In this week’s edition of the Heartbeat Blog, we will continue to discuss our upcoming lecture series on “Assisting Residents with Heart Disease and Promoting Heart Health.” Today’s discussion will focus on helping us understand the meaning of heart disease.
Heart Disease: Is it a Disease?
According to the CDC, heart disease is the leading cause of death for both men and women. About 1 in 4 individuals die from heart disease. That’s a staggering and frightening number. But what is heart disease? Is it a heart attack? A stroke? Heart failure? Clogged arteries? High blood pressure?
The answer: heart disease is actually many things! Any disease that affects the blood vessels or the heart is considered heart disease. That means if there is a clot in your blood, that’s considered heart disease. If your heart stops, that is also considered heart disease. High blood pressure? You got it: heart disease.
So why does heart disease mainly happen?
According to the CDC, Coronary Artery Disease (CAD) is the most common form of heart disease. Coronary artery disease occurs when cholesterol and fat deposits stick to the inner lining of your arteries. When cholesterol sticks to the inside of an artery it is called a “plaque.” When enough plaque sticks to an artery wall, it can narrow the arteries. Plaques can be dangerous because they can break off and get stuck somewhere else in the body, or they can build up so much that the artery is completely closed off. This means blood and oxygen won’t get to vital parts of your body.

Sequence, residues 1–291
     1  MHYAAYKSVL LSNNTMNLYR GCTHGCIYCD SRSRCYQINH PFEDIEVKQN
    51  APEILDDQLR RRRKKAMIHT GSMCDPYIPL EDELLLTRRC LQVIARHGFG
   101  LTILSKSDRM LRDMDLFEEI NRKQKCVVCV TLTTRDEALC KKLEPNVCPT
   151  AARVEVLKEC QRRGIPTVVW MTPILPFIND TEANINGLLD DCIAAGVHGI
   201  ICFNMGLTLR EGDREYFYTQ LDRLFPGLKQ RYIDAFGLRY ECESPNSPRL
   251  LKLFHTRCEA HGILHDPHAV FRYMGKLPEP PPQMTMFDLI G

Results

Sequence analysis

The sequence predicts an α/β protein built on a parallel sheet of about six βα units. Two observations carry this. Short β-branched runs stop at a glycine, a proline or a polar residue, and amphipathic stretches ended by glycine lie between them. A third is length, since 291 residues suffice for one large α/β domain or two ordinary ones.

Many different problems can arise when blood vessels narrow or plaques buildup. Imagine if there is a big plaque that stops blood flow to the brain: that’s called a stroke. If there is a blockage to the heart, that’s called a heart attack. If there is a blockage of blood flow to your toes, feet, or lower limbs, that’s called peripheral arterial disease. As you can see, “heart disease” is the cause for all of these, but it can affect the body in many ways.
Modifying your lifestyle and diet can help prevent heart disease.
If you have a candidate for heart disease, let them know that there is something they can do to help prevent, or lessen the effects of, their condition. For example, smokers lessen their chances of coronary heart disease within a year of quitting. Being active, eating fruits and vegetables, getting plenty of sleep – all of these can help reduce the chances or effects of heart disease. Here is the opportunity to work with your patient in bettering their health.
If you find our series on heart disease to be helpful and informative, give us a call at 510-452-1100 to learn more about our continuing education courses for healthcare. Find out how they benefit, not just CNAs, but anyone interested in the medical field. We have Oakland and Sacramento campuses for your convenience, and are approved by the California Department of Public Health (NAC approved CE # 1187).
And remember, all SEIU CNAs can take any of our continuing education units for free through the amazing SEIU Education Fund.